OK, to be totally honest, I didn’t know I appreciated Angela Lansbury until she died yesterday, at the age of 96.
Like so many of her generation, my parents’ generation, she was just always … there. There would be plenty of time to catch her. She would always be in another TV show or movie. Just like our parents would be home when we decided to visit. They were always there. Until they weren’t.
Sometimes you miss them more, remembering them years after they pass, than you did right at the beginning. Maybe immediately afterward, the loss is too new to process, or they were in pain or kidnapped by dementia and it was a relief, or maybe the relationship was so complicated you don’t know how to feel for a long time.
That’s with close-by loved ones, anyway. With entertainers, if we liked them, there may be nothing but great memories. We’re sad to lose them, but really, when they’re approaching 100 … maybe it’s more the passing of the era they represented that we feel sad about.
And she was around longer than many others, in a career that lasted seven decades. She is not one of those I’ve researched because she was actually too young to be part of the world in the stories (I swear there will be a second one, at least) I want to tell. Born in 1925, she was only about 10 at the time of Stardusted.
When I think of Lansbury I first think of Mrs. Potts in Beauty and the Beast – no one sang “Tale as Old As Time” better. I get teary every time I hear her slightly cracked, world-weary but beautiful voice singing it.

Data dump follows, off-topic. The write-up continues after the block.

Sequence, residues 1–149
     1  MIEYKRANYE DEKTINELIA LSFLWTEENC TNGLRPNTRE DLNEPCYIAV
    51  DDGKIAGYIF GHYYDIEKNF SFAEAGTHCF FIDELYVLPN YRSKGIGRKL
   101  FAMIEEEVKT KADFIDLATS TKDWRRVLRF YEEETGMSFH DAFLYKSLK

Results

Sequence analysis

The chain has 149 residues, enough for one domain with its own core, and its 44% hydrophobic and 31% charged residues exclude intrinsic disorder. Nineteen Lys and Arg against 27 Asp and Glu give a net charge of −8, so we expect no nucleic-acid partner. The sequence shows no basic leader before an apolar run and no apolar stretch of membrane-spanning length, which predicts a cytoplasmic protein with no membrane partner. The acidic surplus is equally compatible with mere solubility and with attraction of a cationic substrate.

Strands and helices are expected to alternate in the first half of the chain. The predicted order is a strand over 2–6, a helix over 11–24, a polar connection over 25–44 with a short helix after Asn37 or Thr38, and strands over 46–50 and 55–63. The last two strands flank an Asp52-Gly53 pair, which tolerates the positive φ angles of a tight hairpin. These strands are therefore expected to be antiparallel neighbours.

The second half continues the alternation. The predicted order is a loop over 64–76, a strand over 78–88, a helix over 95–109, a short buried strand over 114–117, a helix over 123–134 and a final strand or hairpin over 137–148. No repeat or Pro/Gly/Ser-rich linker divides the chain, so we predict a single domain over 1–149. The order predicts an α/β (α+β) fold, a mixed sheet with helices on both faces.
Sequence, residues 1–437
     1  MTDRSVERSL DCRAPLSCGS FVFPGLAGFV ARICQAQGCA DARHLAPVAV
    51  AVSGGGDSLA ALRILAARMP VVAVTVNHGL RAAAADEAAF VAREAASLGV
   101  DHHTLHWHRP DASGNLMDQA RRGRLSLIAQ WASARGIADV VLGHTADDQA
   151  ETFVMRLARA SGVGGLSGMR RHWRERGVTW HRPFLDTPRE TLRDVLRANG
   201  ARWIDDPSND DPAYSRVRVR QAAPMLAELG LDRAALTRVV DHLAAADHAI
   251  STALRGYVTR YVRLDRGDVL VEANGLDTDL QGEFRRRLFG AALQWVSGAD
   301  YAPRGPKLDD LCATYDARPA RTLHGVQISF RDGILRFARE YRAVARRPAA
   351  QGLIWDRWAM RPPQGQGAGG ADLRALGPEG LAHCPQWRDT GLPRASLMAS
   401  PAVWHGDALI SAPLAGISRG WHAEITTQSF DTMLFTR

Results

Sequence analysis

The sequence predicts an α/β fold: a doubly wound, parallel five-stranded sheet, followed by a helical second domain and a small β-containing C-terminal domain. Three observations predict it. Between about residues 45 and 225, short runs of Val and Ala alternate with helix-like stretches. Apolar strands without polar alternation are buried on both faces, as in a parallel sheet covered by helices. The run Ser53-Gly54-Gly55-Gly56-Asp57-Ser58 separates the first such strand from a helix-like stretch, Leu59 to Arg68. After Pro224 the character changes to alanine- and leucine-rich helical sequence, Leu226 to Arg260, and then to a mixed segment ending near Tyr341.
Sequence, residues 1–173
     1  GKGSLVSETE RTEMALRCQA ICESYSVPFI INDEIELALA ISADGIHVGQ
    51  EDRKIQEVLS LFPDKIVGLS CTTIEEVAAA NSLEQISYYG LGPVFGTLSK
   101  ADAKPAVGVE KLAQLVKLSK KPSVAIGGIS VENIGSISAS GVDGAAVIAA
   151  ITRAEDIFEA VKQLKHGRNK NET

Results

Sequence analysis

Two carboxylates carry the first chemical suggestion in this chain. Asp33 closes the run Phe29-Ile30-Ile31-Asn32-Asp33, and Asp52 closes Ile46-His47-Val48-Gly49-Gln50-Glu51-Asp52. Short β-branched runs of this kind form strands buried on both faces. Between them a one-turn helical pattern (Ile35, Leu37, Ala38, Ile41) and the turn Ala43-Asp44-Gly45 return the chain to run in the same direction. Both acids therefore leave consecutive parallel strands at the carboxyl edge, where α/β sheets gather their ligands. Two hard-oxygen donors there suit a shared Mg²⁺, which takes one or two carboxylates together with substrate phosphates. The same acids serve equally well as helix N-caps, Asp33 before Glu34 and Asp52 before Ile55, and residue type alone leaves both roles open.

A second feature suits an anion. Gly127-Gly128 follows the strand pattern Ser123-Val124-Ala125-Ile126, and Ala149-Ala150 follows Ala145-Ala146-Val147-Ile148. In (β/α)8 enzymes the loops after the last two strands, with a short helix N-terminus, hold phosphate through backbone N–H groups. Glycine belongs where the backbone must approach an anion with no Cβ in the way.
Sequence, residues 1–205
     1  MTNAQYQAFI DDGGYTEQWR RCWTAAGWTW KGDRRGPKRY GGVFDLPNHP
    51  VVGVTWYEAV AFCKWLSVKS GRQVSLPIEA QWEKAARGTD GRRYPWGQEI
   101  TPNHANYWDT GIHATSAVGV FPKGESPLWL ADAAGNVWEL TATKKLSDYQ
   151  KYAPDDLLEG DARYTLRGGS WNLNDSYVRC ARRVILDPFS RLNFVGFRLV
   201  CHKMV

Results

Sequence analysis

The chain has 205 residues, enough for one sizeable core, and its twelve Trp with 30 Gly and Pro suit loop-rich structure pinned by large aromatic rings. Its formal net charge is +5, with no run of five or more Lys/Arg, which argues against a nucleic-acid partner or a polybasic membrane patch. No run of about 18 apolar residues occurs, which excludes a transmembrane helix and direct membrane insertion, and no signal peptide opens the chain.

In NPR’s story , she hints why: “ ‘I’m not really a singer,’ she admitted. ‘I have a serviceable voice, but how I use it — it’s the emotion under the note that sells the song.’
And boy, could she sell it. I never saw her in Mame, but I can only imagine she sold all those songs, too.
I hadn’t remembered she was in Gaslight, as a maid, until I saw it recently. (Pretty heady stuff, being directed by George Cukor in your very first role! She earned an Oscar nomination for it, too.) And I can still hear her saying, “Chadwick, give mama some sugar” as Elvis Presley’s Southern belle mom in Blue Hawaii.
Like a relative you like when you see them once in a while at a family gathering but don’t really think of the rest of the time, she always added value to the occasion. Always welcome, always charming–she was even evilly charming as the mother in The Manchurian Candidate.
But one role I never saw her in, not once, was that of Jessica Fletcher in Murder, She Wrote. Which is funny, I guess. If you’re trying to write mysteries, you might think you would want to watch shows about people who write them–even if they are far more prolific and successful than you are–for inspiration.
But I have not seen even one episode of Murder, She Wrote. When I’m trying to write my own stuff–with life getting in the way in a new way every single damn day–the last thing I want is to watch someone gaily, effortlessly doing the thing that I can’t seem to get done.
Nor do I want to unconsciously pick up and copy a scene, a plot twist, or dialogue from a show without realizing it.
But now that I think about other times I’ve been happy to see Lansbury, maybe–after I’ve gotten a first draft done and have put it away for the recommended few weeks before starting to edit–I’ll finally pay her a visit in Cabot Cove.